A roofing and construction company in Washington decided to use FISH! when teamwork and safety began suffering. When the employees viewed FISH!, they related immediately to the fishmongers in the video, whose work was also exhausting, dirty and sometimes dangerous. The roofing employees realized that they, too, could choose their attitudes and decided to use the FISH! Philosophy and the lessons from the Pike Place Fish Market in all areas of their business – in company meetings (reading customer feedback aloud), in customer care (like picking tile chips out of a customer’s garden), in their interactions with each other (they learned to coach each other in order to connect with one another, not correct one another), and in their commitment to safety (using cadences to shout out safety hazards, and consistently reviewing their safety ratings at company meetings). The feedback from customers was positive, and those employees who were “nose-to-the-grindstone” really loosened up and realized how healthy “play” at work can be. The company also managed to improve their safety scores significantly over a two year period.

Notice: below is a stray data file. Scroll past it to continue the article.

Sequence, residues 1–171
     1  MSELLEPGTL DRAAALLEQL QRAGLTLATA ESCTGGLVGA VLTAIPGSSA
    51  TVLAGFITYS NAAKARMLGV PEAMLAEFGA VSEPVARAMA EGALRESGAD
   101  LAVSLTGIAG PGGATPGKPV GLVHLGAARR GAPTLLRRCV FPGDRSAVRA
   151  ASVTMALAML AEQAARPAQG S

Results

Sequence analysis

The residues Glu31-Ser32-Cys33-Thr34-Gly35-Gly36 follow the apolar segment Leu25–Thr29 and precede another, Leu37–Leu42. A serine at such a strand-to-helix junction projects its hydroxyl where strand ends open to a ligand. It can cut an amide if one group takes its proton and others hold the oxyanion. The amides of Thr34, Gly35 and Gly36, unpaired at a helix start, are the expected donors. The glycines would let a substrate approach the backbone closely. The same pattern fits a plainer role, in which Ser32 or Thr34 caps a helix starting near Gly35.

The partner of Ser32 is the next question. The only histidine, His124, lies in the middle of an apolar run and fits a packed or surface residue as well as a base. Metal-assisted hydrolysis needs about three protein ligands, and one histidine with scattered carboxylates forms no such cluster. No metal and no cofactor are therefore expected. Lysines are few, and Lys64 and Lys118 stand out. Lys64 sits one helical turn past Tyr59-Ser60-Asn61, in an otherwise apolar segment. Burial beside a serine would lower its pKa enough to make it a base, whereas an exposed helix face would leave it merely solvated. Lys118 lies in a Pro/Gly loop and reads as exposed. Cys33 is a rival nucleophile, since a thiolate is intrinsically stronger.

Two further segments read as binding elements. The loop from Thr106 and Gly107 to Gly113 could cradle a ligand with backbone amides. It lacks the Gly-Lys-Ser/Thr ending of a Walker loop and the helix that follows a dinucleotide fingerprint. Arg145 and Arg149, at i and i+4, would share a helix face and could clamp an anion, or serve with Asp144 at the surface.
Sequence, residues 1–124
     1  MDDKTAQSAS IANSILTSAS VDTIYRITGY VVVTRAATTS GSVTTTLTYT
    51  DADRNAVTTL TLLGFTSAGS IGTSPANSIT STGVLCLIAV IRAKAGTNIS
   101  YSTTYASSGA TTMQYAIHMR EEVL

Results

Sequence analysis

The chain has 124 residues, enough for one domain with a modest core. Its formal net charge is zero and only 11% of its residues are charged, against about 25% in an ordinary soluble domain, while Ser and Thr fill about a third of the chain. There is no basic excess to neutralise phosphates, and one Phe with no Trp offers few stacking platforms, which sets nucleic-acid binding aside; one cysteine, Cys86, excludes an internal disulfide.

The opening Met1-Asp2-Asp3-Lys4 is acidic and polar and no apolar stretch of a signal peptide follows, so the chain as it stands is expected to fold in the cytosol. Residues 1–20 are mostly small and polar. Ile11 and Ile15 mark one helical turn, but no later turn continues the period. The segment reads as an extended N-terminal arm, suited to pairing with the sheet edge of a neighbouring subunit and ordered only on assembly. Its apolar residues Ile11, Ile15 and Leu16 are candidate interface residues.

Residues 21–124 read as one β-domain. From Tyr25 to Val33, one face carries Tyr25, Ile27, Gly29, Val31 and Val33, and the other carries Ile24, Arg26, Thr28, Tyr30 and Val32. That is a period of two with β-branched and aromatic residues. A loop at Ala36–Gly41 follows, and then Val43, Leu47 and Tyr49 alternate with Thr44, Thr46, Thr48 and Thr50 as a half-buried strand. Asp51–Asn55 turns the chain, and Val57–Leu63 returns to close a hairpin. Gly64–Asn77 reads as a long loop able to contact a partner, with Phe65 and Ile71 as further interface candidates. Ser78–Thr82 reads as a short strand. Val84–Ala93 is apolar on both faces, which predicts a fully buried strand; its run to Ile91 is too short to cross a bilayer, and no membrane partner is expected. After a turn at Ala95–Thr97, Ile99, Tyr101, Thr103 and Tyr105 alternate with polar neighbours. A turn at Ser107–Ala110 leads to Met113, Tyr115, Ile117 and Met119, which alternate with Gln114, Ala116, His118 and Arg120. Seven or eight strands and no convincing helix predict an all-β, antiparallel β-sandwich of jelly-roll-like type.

How can a video help my employees become better at their jobs?
Video is a powerful teaching medium, with the ability to engage viewers’ eyes, ears and hearts, all at the same time. And once people become emotionally engaged in the story being told, they’re more open to learning and changing.
FISH! draws viewers in with its entertaining real-life story, captures their attention with humor, then shares 4 transformational principles for creating a new work environment and quality of life improvements. By discussing what these principles would look like in your organization, and then everyone committing to that new vision fresh, every day, “world famous” changes can occur in your company, as well. As one Pike Place Fish market employee states in the video, “Anybody can do this. You don’t have to throw fish. You just have to have the energy, you have to have the commitment.”
The line of video-based FISH! products includes: The original FISH! video, FISH! Sticks, FISH! Culture, FISH! Trainer Tools, FISH! for Leaders, and 4 FISH! Tales case studies videos. For more information, go to www.crmlearning.com/fish.